07:04, January 08 51 0 theguardian.com

2018-01-08 07:04:04
Acclaimed book The New Jim Crow banned in some New Jersey prisons

An acclaimed book about discrimination against African Americans in the criminal justice system has been banned from some prisons in New Jersey, according to newly obtained records.

The New Jim Crow, an award-winning book by Michelle Alexander published in 2010, appears on lists of publications that inmates in state correctional facilities may not possess.

The American Civil Liberties Union (ACLU), which obtained the banned book lists in response to a public records request, called for the ban to be lifted and said it violated the rights of inmates under the first amendment to the US constitution.

In a letter due to be sent on Monday to Gary Lanigan, New Jersey’s corrections commissioner, the ACLU said the ban was particularly troubling because the state had the country’s widest disparity between white and black incarceration rates.

“For the state burdened with this systemic injustice to prohibit prisoners from reading a book about race and mass incarceration is grossly ironic, misguided, and harmful,” Tess Borden, an ACLU staff attorney, said in the letter.

Under New Jersey regulations, inmates are not allowed to receive publications that threaten prison safety, incite violence or feature details of activities such as bomb-making and lock-picking. Magazines appealing to a “prurient interest in sex” are also barred.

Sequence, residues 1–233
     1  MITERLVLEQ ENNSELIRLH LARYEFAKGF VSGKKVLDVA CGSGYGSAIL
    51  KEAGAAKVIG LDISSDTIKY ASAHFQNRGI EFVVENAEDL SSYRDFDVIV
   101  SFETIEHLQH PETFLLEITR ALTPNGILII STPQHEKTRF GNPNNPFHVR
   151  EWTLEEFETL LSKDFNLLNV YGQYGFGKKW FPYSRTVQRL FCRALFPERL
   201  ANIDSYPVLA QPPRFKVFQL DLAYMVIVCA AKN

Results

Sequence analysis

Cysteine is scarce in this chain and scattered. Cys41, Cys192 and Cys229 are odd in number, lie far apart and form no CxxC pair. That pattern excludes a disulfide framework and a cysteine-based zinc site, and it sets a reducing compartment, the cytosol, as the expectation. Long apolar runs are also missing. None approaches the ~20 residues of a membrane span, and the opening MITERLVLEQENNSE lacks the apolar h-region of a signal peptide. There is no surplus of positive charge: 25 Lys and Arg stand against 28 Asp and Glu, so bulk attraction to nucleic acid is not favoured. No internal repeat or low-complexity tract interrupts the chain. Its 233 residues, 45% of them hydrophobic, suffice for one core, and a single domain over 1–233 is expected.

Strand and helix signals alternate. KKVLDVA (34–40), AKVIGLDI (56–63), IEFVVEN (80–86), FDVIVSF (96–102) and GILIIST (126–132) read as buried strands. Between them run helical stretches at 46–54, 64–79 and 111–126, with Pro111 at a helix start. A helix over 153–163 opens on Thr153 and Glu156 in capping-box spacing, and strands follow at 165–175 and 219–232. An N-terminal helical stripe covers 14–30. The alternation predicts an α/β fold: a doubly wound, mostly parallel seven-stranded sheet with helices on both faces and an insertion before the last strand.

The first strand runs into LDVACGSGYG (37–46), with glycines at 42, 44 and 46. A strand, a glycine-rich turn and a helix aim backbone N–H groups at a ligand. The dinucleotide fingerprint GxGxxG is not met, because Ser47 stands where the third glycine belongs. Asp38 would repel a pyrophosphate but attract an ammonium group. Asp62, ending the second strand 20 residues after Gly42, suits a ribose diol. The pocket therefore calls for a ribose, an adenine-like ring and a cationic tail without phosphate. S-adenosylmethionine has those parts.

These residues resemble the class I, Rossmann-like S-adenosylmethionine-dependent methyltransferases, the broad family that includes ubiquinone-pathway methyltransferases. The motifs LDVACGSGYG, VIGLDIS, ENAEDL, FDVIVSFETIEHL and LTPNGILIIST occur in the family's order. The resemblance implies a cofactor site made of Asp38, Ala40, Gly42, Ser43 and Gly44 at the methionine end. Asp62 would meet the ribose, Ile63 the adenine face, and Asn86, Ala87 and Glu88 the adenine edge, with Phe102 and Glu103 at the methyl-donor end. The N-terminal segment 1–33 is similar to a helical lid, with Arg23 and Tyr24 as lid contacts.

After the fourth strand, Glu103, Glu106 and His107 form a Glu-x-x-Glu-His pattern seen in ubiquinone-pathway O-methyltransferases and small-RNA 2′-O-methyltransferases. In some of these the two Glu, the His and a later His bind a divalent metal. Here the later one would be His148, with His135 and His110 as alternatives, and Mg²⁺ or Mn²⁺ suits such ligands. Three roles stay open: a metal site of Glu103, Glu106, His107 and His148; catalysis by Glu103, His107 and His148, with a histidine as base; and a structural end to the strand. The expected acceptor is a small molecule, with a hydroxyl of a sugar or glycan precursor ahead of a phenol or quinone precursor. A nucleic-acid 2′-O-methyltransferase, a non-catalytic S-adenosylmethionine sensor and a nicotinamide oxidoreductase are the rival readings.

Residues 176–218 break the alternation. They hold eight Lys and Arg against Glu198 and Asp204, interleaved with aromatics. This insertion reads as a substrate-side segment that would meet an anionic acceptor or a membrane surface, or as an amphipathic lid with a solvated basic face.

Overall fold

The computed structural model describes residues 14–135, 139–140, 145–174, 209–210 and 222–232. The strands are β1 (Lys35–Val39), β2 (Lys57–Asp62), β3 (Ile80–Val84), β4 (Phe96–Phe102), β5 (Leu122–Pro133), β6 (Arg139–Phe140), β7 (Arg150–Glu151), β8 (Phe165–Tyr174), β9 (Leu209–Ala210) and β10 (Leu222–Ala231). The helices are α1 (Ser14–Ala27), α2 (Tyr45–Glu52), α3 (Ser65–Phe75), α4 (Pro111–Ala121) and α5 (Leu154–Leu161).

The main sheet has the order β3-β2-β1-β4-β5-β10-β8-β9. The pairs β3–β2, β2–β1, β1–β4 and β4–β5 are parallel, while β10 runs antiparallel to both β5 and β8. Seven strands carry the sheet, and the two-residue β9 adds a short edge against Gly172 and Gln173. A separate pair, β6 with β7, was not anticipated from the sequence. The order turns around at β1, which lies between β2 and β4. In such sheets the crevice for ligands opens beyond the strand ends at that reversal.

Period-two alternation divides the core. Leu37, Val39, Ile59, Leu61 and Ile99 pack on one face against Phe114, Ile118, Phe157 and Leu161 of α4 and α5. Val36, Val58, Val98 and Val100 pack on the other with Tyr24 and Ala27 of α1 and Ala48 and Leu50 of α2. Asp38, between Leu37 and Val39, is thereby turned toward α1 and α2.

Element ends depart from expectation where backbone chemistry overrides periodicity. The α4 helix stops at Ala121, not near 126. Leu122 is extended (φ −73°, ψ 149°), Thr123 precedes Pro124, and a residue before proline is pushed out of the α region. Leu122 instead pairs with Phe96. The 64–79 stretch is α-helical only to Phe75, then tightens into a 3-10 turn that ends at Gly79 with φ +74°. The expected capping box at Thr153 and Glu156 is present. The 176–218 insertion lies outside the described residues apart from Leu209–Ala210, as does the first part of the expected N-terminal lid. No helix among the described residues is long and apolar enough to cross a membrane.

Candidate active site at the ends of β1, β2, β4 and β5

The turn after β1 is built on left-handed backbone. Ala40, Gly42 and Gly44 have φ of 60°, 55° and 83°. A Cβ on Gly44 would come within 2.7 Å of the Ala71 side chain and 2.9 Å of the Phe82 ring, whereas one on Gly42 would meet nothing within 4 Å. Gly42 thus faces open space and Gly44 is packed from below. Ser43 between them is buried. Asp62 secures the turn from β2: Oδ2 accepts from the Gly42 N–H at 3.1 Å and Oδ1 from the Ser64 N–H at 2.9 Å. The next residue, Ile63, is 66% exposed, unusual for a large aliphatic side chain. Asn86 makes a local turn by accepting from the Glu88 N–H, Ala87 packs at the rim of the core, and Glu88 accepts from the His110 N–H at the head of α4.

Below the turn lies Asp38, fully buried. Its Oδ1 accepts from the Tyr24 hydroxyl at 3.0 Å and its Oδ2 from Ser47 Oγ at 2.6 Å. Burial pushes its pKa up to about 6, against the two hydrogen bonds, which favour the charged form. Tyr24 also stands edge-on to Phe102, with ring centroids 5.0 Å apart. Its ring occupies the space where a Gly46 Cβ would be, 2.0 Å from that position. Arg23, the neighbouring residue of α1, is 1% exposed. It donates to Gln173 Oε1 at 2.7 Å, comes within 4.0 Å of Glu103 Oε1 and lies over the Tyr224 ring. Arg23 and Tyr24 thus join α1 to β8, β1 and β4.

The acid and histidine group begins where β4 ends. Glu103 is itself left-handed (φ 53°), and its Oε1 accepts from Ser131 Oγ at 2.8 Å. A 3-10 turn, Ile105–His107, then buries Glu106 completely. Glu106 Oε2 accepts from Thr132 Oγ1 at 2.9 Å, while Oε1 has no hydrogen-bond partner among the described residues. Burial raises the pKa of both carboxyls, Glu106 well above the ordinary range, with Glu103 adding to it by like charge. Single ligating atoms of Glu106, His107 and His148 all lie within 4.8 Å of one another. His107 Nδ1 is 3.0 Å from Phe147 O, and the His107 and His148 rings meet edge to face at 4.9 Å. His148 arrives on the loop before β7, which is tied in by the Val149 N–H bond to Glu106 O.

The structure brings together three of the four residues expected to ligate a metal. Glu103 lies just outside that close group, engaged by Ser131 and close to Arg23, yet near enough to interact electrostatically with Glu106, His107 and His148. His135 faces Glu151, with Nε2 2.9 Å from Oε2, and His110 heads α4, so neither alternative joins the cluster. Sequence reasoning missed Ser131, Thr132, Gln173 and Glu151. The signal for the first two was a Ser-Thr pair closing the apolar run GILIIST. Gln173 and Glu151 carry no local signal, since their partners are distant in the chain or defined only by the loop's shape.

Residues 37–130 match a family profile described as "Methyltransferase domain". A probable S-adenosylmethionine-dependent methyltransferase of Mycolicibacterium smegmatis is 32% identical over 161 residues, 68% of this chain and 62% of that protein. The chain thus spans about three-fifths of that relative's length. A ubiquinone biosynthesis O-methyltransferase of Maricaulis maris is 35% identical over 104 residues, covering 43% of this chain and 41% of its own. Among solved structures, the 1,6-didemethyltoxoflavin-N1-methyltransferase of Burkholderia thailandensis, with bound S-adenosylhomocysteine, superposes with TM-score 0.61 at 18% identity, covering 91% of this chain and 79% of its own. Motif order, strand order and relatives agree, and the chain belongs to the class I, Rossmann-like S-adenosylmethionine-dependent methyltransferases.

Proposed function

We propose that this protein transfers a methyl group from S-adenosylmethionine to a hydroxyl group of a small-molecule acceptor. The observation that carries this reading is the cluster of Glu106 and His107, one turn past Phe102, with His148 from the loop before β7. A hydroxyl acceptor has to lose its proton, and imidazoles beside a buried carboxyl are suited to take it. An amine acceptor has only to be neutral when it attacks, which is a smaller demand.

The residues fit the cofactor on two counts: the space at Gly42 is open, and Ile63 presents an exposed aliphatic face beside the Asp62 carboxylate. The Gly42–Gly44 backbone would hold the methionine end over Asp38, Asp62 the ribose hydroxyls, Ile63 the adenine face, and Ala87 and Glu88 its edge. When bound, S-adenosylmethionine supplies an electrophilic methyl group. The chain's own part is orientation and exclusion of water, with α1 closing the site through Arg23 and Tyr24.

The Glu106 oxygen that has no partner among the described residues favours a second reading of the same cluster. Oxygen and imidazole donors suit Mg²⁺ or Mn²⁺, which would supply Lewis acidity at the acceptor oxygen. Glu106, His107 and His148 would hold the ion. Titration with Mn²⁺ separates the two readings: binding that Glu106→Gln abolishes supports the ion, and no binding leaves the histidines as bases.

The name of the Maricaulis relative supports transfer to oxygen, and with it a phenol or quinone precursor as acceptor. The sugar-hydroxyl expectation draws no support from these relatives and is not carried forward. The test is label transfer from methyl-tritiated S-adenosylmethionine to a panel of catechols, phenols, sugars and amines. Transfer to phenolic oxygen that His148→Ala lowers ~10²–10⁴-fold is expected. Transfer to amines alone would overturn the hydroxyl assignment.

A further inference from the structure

It was not clear from the records why Alexander’s book had been judged unsuitable. Also banned were magazines covering hip-hop and black culture such as The Source and XXL.

A spokesman for the state corrections department did not respond to an email on Sunday.

Subtitled “Mass Incarceration in the Age of Colorblindness”, Alexander’s book spent several weeks on US bestseller lists and was hailed as the “secular bible of a new social movement” by the academic Cornel West.

It argues that the American criminal justice system amounts to “a contemporary system of racial control”, decades after the abolition of slavery and so-called “Jim Crow” laws that enforced racial segregation.

The newly released records, which were not clearly labelled by state authorities, indicated that Alexander’s book was banned at New Jersey State Prison in Trenton and Southern State Correctional Facility in Delmont.